This morning we are in the midst of a sermon series called “Building…a Church for Life.” As we move closer to our vote on our renovation and expansion project I thought it would be important for us to take a look at the church. What is the church? Why does it exist? Why does it matter? What does it mean for us to build a church for life – not so much with bricks and mortar – but what does it mean for us to build a faith community that is faithful to what Jesus calls us to be? We need to make sure that if someone new comes into these walls that what they experience is what we are saying. And as we approach this important decision in the history of our congregation I want to try to help us rethink who we are as a congregation. To remember why this church exists and to make sure we are still living up to God’s purpose for us. So my title today is The Church of Open Doors. Now sometimes churches give mixed messages to unchurched people – whether they’re really welcome or not. I found this photograph online and I want you to take a look at it. And you its humorous and I’m sure there’s a good reason for them having a chain that goes across the entry way and a sign that says, “No trespassing. Violators will be prosecuted.” But my thought was, if you’re a nonreligious person and you saw this sign and every day you past this church with this sign on it, “No trespassing. Violators will be prosecuted,” and a chain across it even though the marquee says, “No matter who you are or where you are on life’s journey, you are welcome here,” I’m not sure I’m ever going. And I don’t mean to pick on that church, but this is sort of the mixed signals that churches often give to people outside the church is your welcome if you dress like us. You’re welcome if you look like us. Your welcome if you get your act together first. You’re welcome if you behave yourself just the right way. But otherwise sometimes the feeling they get is, “I’m not sure they really want me there.” Now I’m not suggesting that that’s Sterling Church. In fact I praying and hoping that it’s not. But I want us just as we are thinking about what it means to be the church, to be a church for life, I want us to remember what it may be like to be nonreligious and outside of the church and walking into the church. Often nonreligious persons have this perception on the Christians they have contact with out in the world. And so we want to ask this question: What would the church look like if Jesus was the pastor? What would our church look like if Jesus was the pastor? And you know what that really is my hope. I believe that Jesus really is our senior pastor our lead shepherd and we all work for him trying to represent him and trying to become the church that He wants us to be. Now as I think about this I go back to an incident that happened some years ago in my previous church. I had a man come to me and say, “What does it take to join your church?” He was interested in joining, and I said, “Really all you have to do is express to me your desire to do that and we will set up a date when we have a membership Sunday, and I invite you to come up to the front and answer the questions of church membership in the front of the hymnal. And that’s about it.” We have an exploring the church class that I would recommend you take.” And I told him if you don’t want to join you’re still welcome to participate in anything we have going on. You don’t have to be a member to be involved in anything we have going on. And he said, “That’s just too easy. That’s not the way it was in my last church.” I said, “How was it in your last church?” He said, “Well in my last church you had to go before the elders. You met with them and you had to prove to them; you had to demonstrate to them that you were truly a Christian. You had to give them your witness and testimony. You had to show them how the fruit of the Spirit was being manifest in your life. And then you had to explain how your intention was to not commit any sins from that time forward. And then if you were able to say that then the elders went back into another room and they voted whether to receive you into the membership of the church. And he said if you were not a member then you were not allowed to participate in most of the things. You could come to the worship, but really you couldn’t participate in any of the church gatherings, the church fellowship events or really anything else because it was important for us in that church to make sure that we were receiving true and authentic Christian fellowship with one another and we didn’t want to have people in there who might pull us away from Christ. And you could hear the logic of that undoubtedly. But you know as I listened to him I thought, “You know I wonder if any of the 12 disciples would have passed muster with that group of elders?” Would they have been approved at the vote? I mean if you look at what those disciples lived like over the next three years from the time they met Jesus to the time He was crucified I can’t imagine they’d be approved. Or the woman who wept at Jesus’ feet, would she have been accepted into the membership of that congregation? Or Matthew the tax collector after he hears Jesus say, “Come follow me.” And he goes to follow Him and he’s still got the same old friends he’s always had. Would these people be welcome in that church? And I told this man, “You know maybe the ideal is somewhere in between, but we really try to take Jesus’ approach.” He doesn’t say to Matthew, “Matthew, tell me about your witness. Tell me about your theology. Let me see the fruit of the Spirit. That you’re clear about what is sin and what is not sin, then maybe I’ll let you come and be my disciple.” In the story that we have before us today He looks at Matthew and says, “Come and follow me.” In the United Methodist Church we practice open communion. You hear me say that every time we celebrate Holy Communion. That means that each time we serve Holy Communion here “all are welcome at the Lord’s table.” You don’t have to be a member of this church. You don’t have to be a United Methodist. In fact if you walked in on a communion Sunday and you weren’t a Christian, but since you were sitting here you said “I’d like to follow Jesus.” That’s all that’s required. We’re not going to test you. We’re not going to vote on you. If you say today, “I’d like to follow Jesus,” then you can come and feast at His table. That’s the spirit that we try to exemplify as a church reaching the unchurched. Because that’s the spirit that Jesus had when He connected with other people. So we find Jesus at the town of Capernaum. Capernaum is on the sea shore of the Sea of Galilee. And Matthew has a tax collecting booth. Now let me just remind you a little bit about tax collectors in the 1st century. Tax collectors were considered to be by the Jewish people in the same category as thieves and robbers. And they were so for several reasons. First of all remember that the taxes were going to Rome to support the occupation by the Roman soldiers in the Holy Land. And so if you were collecting taxes to support that you were already working against your own people and their freedom and their liberation. So you were a traitor to your people by virtue of collecting the taxes. But it got worse than that. In the 1st century if you were a tax collector the Romans would say, “Here’s what we ask of you. You can buy that tax collecting spot for an annual sum of ___ and it was approximately the taxes that they hoped to collect there. And so Matthew would have paid in advance the taxes the Romans hoped to collect and then the Romans gave him permission to collect as much as much as he possibly could collect in taxes from the people and everything above what he paid to the Romans he got to keep. You see the dilemma here? So his lifestyle – his nice home and lifestyle was supported by taking money over and above what was demanded by the Romans from his own people. This is why he was considered a thief and a robber. He was considered unclean by the people; not welcome in the synagogue, not welcome in their fellowship. And so this is what Matthew did. Now the thing is if you’re not welcome, if you’re a social pariah or outcast, who are your friends? Well the only people who will eat with you are other social pariahs and outcasts, right? And so Matthew had friends – other tax collectors, prostitutes, and a whole host of other people who were considered social outcasts would have been Matthew’s friends. And that makes this scene really remarkable in Matthew 9 – that Jesus walks up to Matthew’s tax collecting booth and he said, “Come and follow me.” Jesus chose Matthew to be his disciple. What does that tell you about the heart of Christ? What does it tell you that he chose you to be a disciple? Or how we act towards other people? Now I want to remind you, Matthew’s name – do we have any Matthew’s here this morning, any of you a Matthew? Matthew means “gift from God.” And when Matthew’s parents gave him this name in the 1st century the giving of a name was really important. Because that name meant something. And so when Mathew’s mother and father gave him the name Matthew what they said was, “God we recognize our child is a gift from you.” And they wanted their son to know that he was a gift from God, that his life was a gift from God. And they prayed for him and no doubt raised him in the synagogue and nurtured him. But there came a point where Matthew walked away from what his parents had taught him. And eventually when he became a tax collector it no doubt broke his father’s heart. And all that time they prayed maybe one day their son might come back to God. Maybe one day he would return and he would want to follow God again and he would recognize that his life was a gift from God. And on this day, Jesus walks up to his tax collecting booth, he calls him by name, “Gift from God, come and follow me.” And somehow Matthew knew in that moment, he felt the penetrating gaze of Jesus - and Matthew actually says, “Yes!” He closes his tax collecting booth and he begins to follow Jesus. Now the first thing that he does he says, “Jesus would you come to my house tonight because I’d like to introduce you to my friends?” And Jesus says, “Of course. I’d love to eat with you and your friends.” So he goes to the supper that night, and remember all of Matthew’s friends are also social pariahs. And also remember in the 1st century to eat with somebody, to break bread with somebody was to have fellowship with them. It was to commune with them. And so if you were a rabbi sharing life together with all of these other folks who were sinners and tax collectors and social outcasts, what does that say about you? Now the Pharisees come along and they see that Jesus is eating with Matthew and his friends and they are stunned. “What is he doing eating with people like this?” They asked the disciples that very question. They asked that question over and over again in Jesus’ ministry because he does this over and over again, “Why does Jesus eat with people like this?” Now let’s take a moment and remember something about the Pharisees, because the Pharisees are Jesus’ arch-nemesis in the New Testament. They call for his crucifixion. They are constantly trying to undermine his ministry. But let’s just remember a little bit about the Pharisees. Interestingly enough Jesus shares more in common theologically with the Pharisees than with any other group in 1st century Judaism. Now the Pharisees – the word Pharisee scholars think comes from the Hebrew word peris, which means separated. And so the Pharisees were those who sought to separate themselves from those who were unclean, from those who were sinful and sought to obey the rules. They wanted to please God and they thought that pleasing God came from following the rules. Follow the rules, God will be pleased. Stay away from sinful people, God will be pleased. And so everyone in the community knew Pharisees were very pious people. Now it was interesting though. As they were pious people, they saw their piety in a certain way that didn’t line up with Jesus’ definition of piety. But there were a host of places where they agreed so Pharisees were constantly coming to hear Jesus speak, to hear what he had to say, but they were constantly confused by Him. Now the Pharisees again were very interested in following the rules – piety was in following the rules. They took the 613 commands that God has in the Hebrew bible and then they sort of began to help us understand what those mean. So for instance the most common example of this is the Sabbath rules. The Hebrew bible says to honor the Sabbath to keep it holy to refrain from work on the Sabbath. And then it was the job of the religious leaders to figure out what constitutes work on the Sabbath. So I reread some of the rules that were meant to help the people understand what constitutes work, and here were a few of them: One of them was that if you were to carry a piece of rope that was long enough to be made into a handle on a box on the Sabbath, this constituted work and you were guilt of sin. If you carried a quantity of food larger than a dried fig on the Sabbath this constituted sin. This is one I found interesting. If you bite your fingernails on the Sabbath this constituted sin. Now you probably shouldn’t bite your fingernails anytime but biting your fingernails on the Sabbath is a violation of the law against work on the Sabbath? Can you see how this made Jesus crazy? So Jesus is plucking grain on the Sabbath and eating and they’re angry because he’s violating the prohibition against work on the Sabbath. And He says to them, “You don’t get it, do you? You think it’s about all these rules, but the Sabbath was made for man not man for the Sabbath. You’ve missed the point!” He heals the sick on the Sabbath and they’re really undone by this because you’re not supposed to work miracles and heal the sick on the Sabbath. They missed the fact that there is somebody who was lame is now walking again; somebody who was blind can now see. All they can see is that Jesus broke the rules. And so he’s constantly frustrating them and they him. So in Matthew’s gospel we find in the Sermon on the Mount Jesus telling His disciples – actually all who were listening, “I tell you unless your righteousness exceeds that of the Scribes and Pharisees you will never enter the kingdom of heaven.” And the people heard this and they said, “Well that’s impossible. How could our righteousness exceed that of the Scribes and the Pharisees? They are so holy. Just look at them, they are so holy we could never measure up to that.” And Jesus says, “That’s not what holiness is. It doesn’t look like following the rules necessarily. It’s about loving God with your whole heart, mind, soul and strength. And loving your neighbor as you love yourself. It’s about showing compassion for people and having pity upon them looking at ways to bless them and encourage them. That’s what holiness looks like. It’s not about not biting your fingernails on the Sabbath.” You can see Jesus’ frustration throughout the gospels. So when the Pharisees are standing outside and Jesus is in His element as He’s eating with the tax collectors and the sinners – I mean can’t you see Him? He’s smiling and laughing and He’s telling them stories about a father who loves prodigal children. And all the Pharisees can think of is, “Why is he eating with people like that?” And so Jesus comes to them and this is what He says. He says, “Those who are well will have no need of a physician but those who are sick they are the ones who need the physician. Go and learn what this means. I desire mercy not sacrifice for I have come to call not the righteous but sinners.” God desires mercy not sacrifice. The Greek word is eleos which means compassion or pity. What God desires it that you have compassion for people. It’s not the following of the rules that’s most important. It is compassion that we have for people. He describes the Pharisees as whitewashed tombs. They look pious on the outside but on the inside they are full of dead things because they don’t have compassion for people. They don’t love people. They love rules. And sometimes making people feel small if they don’t follow the rules. You remember one of the great stories that Jesus tells, the parable of the Pharisee and the tax collector, right? This could have been Matthew and any of the tax collectors who were standing outside Matthew’s home. He says, “Two men went up to the temple to pray. One was a Pharisee and one was a tax collector.” You remember the story. And he says, the tax collector wouldn’t even look up to heaven when he prayed but instead he beat his breast and he said, “God be merciful to me a sinner.” But the Pharisee looked up to heaven and said, “O God, thank you that I am not like this man. And you see all the things I try to do for you and you must be pleased with me.” And Jesus says this, “Which of these two went away justified from the temple that day? Was it the one who was smug and self-righteous or was it the one who recognized that he was broken and in need of saving?” And of course we know the answer. This week I came across a blog post from a pastor in Starkville, Mississippi named John Fisher. Starkville, Mississippi you may remember is famous for one thing. Not Mississippi State University, although it is located there. It’s famous for an incident that happened in 1965. Johnny cash was playing a concert at Mississippi State University and after he was done he went out partying with his friends and then late at night he went walking down Main St. and he was picking flowers – after curfew – drunk. A police officer saw him and stopped and arrested him for disorderly conduct, public drunkenness, and picking flowers. And he was thrown in jail. A very bad PR move for Starkville, Mississippi. Because right after that Johnny Cash wrote a song about the incident and he played it for the first time at his concert at San Quentin. And it was recorded live and it became a hit album and everybody in the country knew about Starkville, Mississippi, the place you better not get caught picking daises after dark. So a few years ago after Johnny Cash died the City of Starkville decided to publicly pardon Johnny Cash – 42 years after he was arrested. And so they invited Johnny cash’s family to come to the event. And they had a big festival. And the called it “The Flower Pickin’ Festival.” And at 10:00 that night finally the mayor issued his official pronouncement that Johnny Cash had been pardoned. And then one of the Carter family members came to the podium and gave an official pronouncement that Starkville, Mississippi was now officially pardoned by the Cash family. So at the Flower Picking Festival celebration, John Fisher, a local pastor there was invited to preach. And the event was held in a large bar. And so he said, “This is the first time I’ve ever preached in a bar. And by the time I got up to preach at 10:00 at night before the official pardoning people had been having quite a bit of fun for some time. And I stood up to preach and he said, I told them a story about Johnny Cash. And Johnny cash had once said in an interview that his favorite album cover ever was the cover of American Recordings, an album that he cut in 1994. And he shot the photo cover for this album in Australia. I have a picture of it here. And you see him standing there in his black overcoat, like Johnny Cash was always wearing - The Man in Black – storm clouds coming up behind him and he looks like a modern day prophet. And legend has it; just about the time they were taking his picture two dogs came up one either side behind him. And he said in the interview these dogs capture for me something really true for what it means to be human and about who we all are. He said one of them you’ll notice is almost entirely black with just a bit of white on him. And the other one’s almost entirely white with a bit of black on him. And he said – now this is Johnny who since 1965 had become a follower of Christ – he says, “That strikes me as what we’re all like. We’re all either mostly sinner. But you know even those who are mostly sinners have just a bit of saint in their hearts still. Or we’re mostly saint with a black streak running through our lives. And all of us are in need of redemption.” So as John Fisher is telling this story he says, “I think if Johnny Cash were here today you know what he’d want to say is not so much about being pardoned for picking flowers and being drunk in 1965, pardoned by the city of Starkville, but I think he’d want to say that he experienced a larger pardon than that -that God came to pardon sin. That Jesus came to save us from ourselves and from our sin and that’s the greatest pardon of all. All of us need pardoning and Christ came to pardon us. And Fisher as he said this, he said you know what, at that moment the people in that bar began to cheer. And he says for a few moments on a Saturday night that bar felt a lot more like heaven to me than most churches I’ve ever been in on Sunday morning. You know the gospel is for sick people. And the deal was when Jesus said, “It is not the healthy who need a doctor, but the sick… For I have not come to call the righteous, but sinners.” The Pharisees failed to hear in that the irony, we’re all sick. We’re all sinners. We’re all in need of a Savior. And there’s not one of us who has any room for judging somebody else because we all need the same medicine from God. We all need what the Savior offers.” You know you may look a lot more like a saint than a sinner but you have a dark place in you that you know about and God knows about. Or you may look a lot more like a sinner right now, but you know what, God sees the saint in you yet to be unleashed. Now the church is the body of Christ, we’re His physical incarnation in the world. Jesus called forth the church and then he said, “Now you go and do what I’ve been doing.” What did Jesus do? He ate with sinners and tax collectors. He loved people who were social pariahs and He called them to follow and to be a part of His kingdom. He didn’t care who you were, where you’d been or what you’ve done, or how ugly or messed up your life was Jesus saw the beauty that was yet to be unleashed in them. That’s how he sees you. Do you understand that? He looks at you and he sees what you can become. He doesn’t fixate or focus on what you’ve been. But listen that’s what He asks of you towards other people. Here’s what I think about you as a congregation. I think that when people walk in the doors of this church for the most part what they feel is the welcome of Christ. It’s part of what makes me proud to be your pastor is that you actually welcome people. Jesus came to save sinners. And we’re all sinners. We’re in need of saving. We’re in need of redemption. We’re all in need of knowing that somebody loves us. And so when you go out from this place into the world as Christ’s representatives this week and you see people around you that others might consider outcasts, pariahs, sinful your task is not to heap on the judgment but to demonstrate the love of the One who called a tax collector to be His disciple. That’s a church for life. Let’s be that kind of church. Let us pray: God we confess to you that there are times that we struggle with our own pharisaic tendencies; I do, I suspect many in this congregation do. It’s so easy. As we see our lives begin to change and we try to follow you, to begin to think that holiness is found in all the externals. Sometimes we haven’t been as loving as You call us to be. We’ve spoken about others behind their back, we’ve turned a blind eye, we’ve not reached out with your mercy and grace. Lord help us to be those kind of people, Your kind of people. May Sterling Church be a place where people can come and experience your embrace and Your love, just as they are. And then find here the deep desire to follow you and to grow in you. And I pray for each of us as we leave this place today that we might go out living as your representatives, demonstrating Your love to all that we meet. In Jesus name. Amen.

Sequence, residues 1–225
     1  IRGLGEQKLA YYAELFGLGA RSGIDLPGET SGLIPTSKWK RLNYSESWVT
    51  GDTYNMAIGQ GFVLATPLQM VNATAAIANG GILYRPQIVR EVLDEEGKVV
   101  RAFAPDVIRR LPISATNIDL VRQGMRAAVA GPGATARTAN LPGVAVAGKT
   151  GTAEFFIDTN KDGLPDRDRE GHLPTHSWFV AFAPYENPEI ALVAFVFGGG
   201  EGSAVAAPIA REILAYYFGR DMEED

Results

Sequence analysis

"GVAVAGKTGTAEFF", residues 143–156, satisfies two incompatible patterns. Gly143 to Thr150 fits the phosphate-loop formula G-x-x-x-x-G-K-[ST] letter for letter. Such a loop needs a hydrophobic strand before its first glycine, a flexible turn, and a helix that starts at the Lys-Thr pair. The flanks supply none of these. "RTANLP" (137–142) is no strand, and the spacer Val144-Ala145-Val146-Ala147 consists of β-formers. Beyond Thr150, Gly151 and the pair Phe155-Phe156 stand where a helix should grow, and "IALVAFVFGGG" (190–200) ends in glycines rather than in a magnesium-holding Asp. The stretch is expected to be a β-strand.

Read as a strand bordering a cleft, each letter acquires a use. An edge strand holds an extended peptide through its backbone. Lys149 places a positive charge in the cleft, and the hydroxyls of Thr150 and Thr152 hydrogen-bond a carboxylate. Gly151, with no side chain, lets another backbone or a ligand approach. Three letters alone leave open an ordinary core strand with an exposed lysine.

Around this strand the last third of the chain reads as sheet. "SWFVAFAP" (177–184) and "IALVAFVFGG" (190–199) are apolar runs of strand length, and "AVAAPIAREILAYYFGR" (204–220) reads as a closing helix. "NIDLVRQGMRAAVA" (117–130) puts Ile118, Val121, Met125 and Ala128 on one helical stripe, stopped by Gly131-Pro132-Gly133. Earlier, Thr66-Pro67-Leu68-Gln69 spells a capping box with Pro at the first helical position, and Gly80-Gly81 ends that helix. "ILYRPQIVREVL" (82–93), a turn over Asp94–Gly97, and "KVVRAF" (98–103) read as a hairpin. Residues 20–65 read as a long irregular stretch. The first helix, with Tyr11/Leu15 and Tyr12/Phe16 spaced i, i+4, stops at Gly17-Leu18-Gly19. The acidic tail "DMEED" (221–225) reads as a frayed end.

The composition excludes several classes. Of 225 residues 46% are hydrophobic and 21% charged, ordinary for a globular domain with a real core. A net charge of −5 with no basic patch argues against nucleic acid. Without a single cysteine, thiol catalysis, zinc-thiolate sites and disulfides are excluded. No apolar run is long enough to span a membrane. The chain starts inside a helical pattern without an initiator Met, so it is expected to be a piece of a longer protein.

Sermon Topics: church